Julian grinned and gave himself a metaphorical pat on the back as he surveyed the setting for his contribution to the Commemorative Blitz Exhibition. He had endured weeks of meticulous planning and foot-weary hours scouring the local musty junk shops for old furniture and furnishings for the bombed house. It looked remarkably like his grandparents’ semi; in fact, this old wreck of a building was only a few miles from the dreary, downtrodden East End street where they had lived their miserable lives.
Julian had left those lowly ranks to become renowned in modern art circles for his imaginative and radical ideas. He liked to shock. This, he hoped, would be the pinnacle of his career. But he had a long night’s work ahead.
The recruits from Cardboard City were easily enticed by the promise of a hot meal, a few coins in their scruffy pockets and some clean, albeit ’40s-style, clothes. This ready-made family was very bleary now, having unwittingly consumed large quantities of sedatives with their meal.
He secured them and protected himself with a large, full-length plastic apron. Bomb damage: certainly some broken limbs, others blown completely off.
Restrained on tables, gagged and immobile, the victims foggily realized the extent of their involvement. Julian needed the horror and pain etched on their faces.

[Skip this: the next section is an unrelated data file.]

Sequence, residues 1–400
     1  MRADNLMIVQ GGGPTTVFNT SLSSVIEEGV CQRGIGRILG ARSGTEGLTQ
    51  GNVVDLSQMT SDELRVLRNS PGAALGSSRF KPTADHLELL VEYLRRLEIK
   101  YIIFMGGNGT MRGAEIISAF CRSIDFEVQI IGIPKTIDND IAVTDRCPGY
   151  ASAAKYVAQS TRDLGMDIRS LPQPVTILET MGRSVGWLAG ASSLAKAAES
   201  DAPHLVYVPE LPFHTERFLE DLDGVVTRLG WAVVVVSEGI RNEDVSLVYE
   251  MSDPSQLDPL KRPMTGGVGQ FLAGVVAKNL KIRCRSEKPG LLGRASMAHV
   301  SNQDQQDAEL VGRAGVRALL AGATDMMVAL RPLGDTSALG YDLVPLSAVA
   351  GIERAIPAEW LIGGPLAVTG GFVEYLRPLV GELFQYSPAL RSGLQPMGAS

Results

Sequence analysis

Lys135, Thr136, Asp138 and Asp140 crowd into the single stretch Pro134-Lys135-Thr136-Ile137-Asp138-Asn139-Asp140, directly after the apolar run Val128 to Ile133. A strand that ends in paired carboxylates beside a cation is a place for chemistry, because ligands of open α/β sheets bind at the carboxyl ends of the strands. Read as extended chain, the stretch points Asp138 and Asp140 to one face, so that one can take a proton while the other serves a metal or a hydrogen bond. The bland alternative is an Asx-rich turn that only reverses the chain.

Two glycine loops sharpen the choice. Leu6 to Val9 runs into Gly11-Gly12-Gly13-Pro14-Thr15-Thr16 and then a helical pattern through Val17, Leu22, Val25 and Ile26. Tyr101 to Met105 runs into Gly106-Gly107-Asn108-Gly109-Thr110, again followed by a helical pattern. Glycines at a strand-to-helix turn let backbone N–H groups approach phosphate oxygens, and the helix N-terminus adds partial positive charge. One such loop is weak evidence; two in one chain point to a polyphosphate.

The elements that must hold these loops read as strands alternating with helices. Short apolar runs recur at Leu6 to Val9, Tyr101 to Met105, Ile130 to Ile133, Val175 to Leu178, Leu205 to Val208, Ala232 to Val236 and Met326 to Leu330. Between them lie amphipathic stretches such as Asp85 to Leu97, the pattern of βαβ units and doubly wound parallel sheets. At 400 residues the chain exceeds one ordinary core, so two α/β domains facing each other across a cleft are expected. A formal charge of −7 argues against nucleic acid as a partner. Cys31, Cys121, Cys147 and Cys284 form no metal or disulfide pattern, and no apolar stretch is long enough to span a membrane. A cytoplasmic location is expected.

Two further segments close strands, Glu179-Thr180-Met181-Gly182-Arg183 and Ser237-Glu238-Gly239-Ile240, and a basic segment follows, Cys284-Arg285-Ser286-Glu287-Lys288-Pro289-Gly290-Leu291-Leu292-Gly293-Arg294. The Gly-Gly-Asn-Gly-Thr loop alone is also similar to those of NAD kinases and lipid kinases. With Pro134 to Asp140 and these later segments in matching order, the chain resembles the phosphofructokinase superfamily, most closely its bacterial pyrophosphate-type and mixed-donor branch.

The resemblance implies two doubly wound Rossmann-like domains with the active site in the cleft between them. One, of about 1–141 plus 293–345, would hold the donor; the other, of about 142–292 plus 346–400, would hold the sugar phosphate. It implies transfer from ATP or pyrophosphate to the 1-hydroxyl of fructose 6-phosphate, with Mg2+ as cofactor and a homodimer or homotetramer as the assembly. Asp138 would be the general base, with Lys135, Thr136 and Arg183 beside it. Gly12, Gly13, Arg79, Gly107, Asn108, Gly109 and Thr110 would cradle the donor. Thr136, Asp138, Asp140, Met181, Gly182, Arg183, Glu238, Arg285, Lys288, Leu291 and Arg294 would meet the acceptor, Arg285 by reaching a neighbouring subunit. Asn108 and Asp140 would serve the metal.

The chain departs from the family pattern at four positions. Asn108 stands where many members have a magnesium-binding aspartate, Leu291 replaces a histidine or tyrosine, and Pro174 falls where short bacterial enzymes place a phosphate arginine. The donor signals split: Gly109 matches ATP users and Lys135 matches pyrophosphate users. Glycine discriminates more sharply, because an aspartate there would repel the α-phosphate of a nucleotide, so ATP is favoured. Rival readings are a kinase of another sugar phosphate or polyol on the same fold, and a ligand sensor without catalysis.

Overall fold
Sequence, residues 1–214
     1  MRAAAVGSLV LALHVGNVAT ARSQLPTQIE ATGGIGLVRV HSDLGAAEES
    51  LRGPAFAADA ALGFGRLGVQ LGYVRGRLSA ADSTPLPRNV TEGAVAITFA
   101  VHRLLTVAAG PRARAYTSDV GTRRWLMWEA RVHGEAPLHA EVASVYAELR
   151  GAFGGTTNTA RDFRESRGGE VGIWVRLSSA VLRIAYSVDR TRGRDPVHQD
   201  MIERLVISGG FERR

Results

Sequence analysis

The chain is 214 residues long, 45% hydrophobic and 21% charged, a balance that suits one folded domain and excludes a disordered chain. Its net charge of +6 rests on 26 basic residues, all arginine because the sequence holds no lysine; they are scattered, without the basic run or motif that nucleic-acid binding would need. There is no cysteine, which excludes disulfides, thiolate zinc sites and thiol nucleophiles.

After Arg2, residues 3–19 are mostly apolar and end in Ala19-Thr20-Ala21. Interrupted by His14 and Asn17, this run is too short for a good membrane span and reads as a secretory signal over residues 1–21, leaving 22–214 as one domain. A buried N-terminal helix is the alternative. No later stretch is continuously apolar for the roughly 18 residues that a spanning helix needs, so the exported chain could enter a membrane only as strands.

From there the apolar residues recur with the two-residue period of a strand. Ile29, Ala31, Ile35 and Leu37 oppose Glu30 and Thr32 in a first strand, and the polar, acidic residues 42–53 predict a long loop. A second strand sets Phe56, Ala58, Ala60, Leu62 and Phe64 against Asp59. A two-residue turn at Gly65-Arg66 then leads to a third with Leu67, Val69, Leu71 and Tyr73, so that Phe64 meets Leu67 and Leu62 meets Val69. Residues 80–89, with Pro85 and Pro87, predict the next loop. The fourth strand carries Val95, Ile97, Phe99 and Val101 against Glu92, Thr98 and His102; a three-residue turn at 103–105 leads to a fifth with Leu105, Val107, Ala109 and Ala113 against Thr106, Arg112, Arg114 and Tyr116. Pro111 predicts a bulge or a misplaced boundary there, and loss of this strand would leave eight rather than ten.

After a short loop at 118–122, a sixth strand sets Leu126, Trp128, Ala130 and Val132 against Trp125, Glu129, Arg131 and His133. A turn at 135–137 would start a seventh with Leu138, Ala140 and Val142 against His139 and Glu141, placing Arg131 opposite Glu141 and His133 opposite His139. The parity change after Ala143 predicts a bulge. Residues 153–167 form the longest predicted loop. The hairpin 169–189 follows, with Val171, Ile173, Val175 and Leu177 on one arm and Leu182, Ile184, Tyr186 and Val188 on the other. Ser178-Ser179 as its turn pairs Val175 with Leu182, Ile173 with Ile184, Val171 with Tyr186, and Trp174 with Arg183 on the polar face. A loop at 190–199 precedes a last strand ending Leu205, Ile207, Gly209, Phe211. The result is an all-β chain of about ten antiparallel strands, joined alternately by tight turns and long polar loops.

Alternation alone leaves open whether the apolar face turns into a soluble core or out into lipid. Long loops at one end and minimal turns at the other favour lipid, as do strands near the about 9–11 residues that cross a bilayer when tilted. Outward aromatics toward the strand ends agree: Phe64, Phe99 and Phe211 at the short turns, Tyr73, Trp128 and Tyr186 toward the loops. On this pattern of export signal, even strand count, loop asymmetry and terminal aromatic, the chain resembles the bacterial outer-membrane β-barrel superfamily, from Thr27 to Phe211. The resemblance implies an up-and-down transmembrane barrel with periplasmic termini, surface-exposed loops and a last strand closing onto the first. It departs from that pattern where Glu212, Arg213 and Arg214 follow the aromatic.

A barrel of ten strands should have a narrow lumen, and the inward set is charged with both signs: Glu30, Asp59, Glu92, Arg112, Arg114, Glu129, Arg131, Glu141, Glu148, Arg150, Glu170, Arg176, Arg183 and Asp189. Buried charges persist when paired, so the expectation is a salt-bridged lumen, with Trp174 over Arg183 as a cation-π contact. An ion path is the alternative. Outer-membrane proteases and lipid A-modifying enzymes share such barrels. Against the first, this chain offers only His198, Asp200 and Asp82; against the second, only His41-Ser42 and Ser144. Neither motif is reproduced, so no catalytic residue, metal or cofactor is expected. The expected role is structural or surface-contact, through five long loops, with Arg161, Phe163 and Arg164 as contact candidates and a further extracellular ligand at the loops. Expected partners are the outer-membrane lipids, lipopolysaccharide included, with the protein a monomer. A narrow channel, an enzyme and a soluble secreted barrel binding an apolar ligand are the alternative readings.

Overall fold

He arranged the mutilated “family” amongst the shattered remains of their “home.”
His exhibit had surpassed his expectations; the carnage and pathos of the victims was stunning. This, he knew, would make him a household name; he would be feted by his contemporaries.
Fresh blood–he needed constant fresh blood to keep the immediacy of the scene alive.
The last volunteer, still tied and awaiting her fate, tried in vain to scream as Julian returned and approached her. In his hand were a hypodermic needle, some tubing and a plastic bowl. Relief at not being mutilated was replaced by the realization that he was slowly draining her. How little blood could a body survive on?
On his fourth visit he smiled at her. The exhibition was creating quite a stir among visitors and press; he was on a high but he needed to up his game.
“Don’t worry,” he said happily to her. “I’m not going to drain any more blood.”
A glimmer of hope sparked in her weakened body.
“No, I need some entrails–blood and guts–to provide more impact.”